A Bangladeshi new year

Bangladesh

Whether you’re loudly singing Auld Lang Syne or dropping icecream on the floor (it’s a thing in Switzerland), everyone loves a New Year tradition. Lucy Dunne volunteered in Bangladesh with Tearfund Go last year and experienced a Bangladeshi New Year.                  

It was a warm day in April, I was preparing to celebrate New Year. In Bangladesh, 14 April is Pohela Boishakh, the first day of the Bengali calender and a national holiday. My team and I were lucky enough to celebrate Bangladeshi New Year with our host community.     

Panta-monium               

The day started bright and early with a traditional breakfast of panta – rice which has been soaked in water overnight. We were told it was good for digestion (something that we were told about nearly everything we ate in Bangladesh).

Then we got dressed in our New Year’s outfits. My host mum grabbed a pile of safety pins and began to help me put on my shari. Sharis, the traditional dress for Bangladeshi women, consist of a long length of fabric that is wrapped, folded and pinned around the body. For Pohela Boishakh the traditional shari colour is red, along with a handmade flower crown.

L-R: Lucy (centre) goes walkabout in Shari,; an alpona decoration

The boys from our team wore panjabis, loose long shirts worn over trousers by men on special occasions.

We went out to join the procession; a walk around the community with lots of singing and drumming as everyone came together to begin celebrating. With music blaring out of a big loudspeaker, we were taught some traditional dance moves by the ladies, while snacks and drinks were handed around.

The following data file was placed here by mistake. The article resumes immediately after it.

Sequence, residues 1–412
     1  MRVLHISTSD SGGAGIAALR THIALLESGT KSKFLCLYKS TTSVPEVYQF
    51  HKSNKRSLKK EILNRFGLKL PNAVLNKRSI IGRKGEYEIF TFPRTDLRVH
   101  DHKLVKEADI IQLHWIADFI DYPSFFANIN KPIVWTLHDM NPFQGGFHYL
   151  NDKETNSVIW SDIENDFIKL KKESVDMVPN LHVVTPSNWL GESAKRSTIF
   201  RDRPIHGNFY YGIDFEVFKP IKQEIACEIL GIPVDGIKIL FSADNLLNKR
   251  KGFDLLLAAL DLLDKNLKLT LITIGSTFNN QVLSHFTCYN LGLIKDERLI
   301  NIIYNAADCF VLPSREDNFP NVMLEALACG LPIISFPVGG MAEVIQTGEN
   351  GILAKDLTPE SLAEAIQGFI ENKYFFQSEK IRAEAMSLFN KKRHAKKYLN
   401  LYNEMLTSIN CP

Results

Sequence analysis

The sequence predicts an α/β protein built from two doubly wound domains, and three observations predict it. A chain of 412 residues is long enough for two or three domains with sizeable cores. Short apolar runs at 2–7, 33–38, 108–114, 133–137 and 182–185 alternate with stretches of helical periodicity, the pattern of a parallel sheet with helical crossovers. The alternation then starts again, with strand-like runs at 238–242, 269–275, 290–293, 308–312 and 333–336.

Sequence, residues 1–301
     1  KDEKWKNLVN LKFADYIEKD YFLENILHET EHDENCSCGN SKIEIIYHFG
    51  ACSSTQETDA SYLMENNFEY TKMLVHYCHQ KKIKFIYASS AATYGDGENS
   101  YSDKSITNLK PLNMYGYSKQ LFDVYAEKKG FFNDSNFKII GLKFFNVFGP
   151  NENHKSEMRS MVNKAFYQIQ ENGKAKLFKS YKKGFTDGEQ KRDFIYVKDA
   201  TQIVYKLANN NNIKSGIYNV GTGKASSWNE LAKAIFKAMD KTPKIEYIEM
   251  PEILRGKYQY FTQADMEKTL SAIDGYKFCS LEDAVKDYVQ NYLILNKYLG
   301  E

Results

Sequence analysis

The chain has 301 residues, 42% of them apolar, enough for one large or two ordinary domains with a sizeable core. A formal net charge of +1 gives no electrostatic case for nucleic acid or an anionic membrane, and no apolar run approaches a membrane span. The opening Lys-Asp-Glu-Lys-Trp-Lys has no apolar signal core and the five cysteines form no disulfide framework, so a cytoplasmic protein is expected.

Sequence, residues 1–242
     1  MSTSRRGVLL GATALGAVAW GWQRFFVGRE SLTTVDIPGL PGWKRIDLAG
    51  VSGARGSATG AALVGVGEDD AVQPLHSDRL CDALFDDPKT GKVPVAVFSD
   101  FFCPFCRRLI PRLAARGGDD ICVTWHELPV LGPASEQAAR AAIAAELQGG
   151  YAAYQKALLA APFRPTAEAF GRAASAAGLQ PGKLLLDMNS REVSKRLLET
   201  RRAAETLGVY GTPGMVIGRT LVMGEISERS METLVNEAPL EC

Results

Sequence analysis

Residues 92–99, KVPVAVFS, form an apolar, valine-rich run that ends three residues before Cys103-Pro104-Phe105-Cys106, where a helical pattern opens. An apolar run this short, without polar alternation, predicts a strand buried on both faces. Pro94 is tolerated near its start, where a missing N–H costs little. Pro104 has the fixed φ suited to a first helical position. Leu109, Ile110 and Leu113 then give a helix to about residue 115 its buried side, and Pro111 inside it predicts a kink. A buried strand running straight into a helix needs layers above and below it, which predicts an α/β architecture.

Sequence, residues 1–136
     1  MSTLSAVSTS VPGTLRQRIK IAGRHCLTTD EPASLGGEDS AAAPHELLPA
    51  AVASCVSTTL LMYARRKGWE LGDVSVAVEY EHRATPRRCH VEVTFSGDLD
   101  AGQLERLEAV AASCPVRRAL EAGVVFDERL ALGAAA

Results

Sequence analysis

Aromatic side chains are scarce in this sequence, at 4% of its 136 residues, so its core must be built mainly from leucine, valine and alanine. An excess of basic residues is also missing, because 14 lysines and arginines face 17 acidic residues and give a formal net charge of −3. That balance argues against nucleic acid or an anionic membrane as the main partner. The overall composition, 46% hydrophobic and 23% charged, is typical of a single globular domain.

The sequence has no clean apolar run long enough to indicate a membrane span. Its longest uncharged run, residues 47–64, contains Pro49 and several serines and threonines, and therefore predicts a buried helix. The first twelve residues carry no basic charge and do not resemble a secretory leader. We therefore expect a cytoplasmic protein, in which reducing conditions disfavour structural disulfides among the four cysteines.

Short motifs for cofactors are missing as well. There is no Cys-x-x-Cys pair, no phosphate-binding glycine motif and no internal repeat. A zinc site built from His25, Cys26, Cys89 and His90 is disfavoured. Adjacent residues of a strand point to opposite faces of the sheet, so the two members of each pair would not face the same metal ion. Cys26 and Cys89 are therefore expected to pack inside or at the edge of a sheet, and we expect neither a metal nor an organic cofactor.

One alpona, two alpona, three alpona, floor           

Another key tradition for Bangladeshi New Year is not painting the town red, but the floor. Painting patterns onto the ground, known as alpona, is an integral part of New Year celebrations. We spent New Year’s Eve decorating our office floors and trying to avoid our work getting washed away by the huge thunderstorms.

To finish a day of celebrations, our team visited the local Boishakh fair. A hubbub of noise and colour, the fair was full of stalls selling pots and pans, toys and yummy snacks. A personal highlight was riding a man-powered ferris wheel – only in Bangladesh!        

Celebrating the start of the Bengali year was such a privilege and one of the highlights of my three-month placement. The welcome we received from the community and their celebrations sums up an amazing culture of hospitality.         

To find out more about the exciting opportunities to volunteer overseas with Tearfund this year, visit Tearfund Go

Lucy Dunne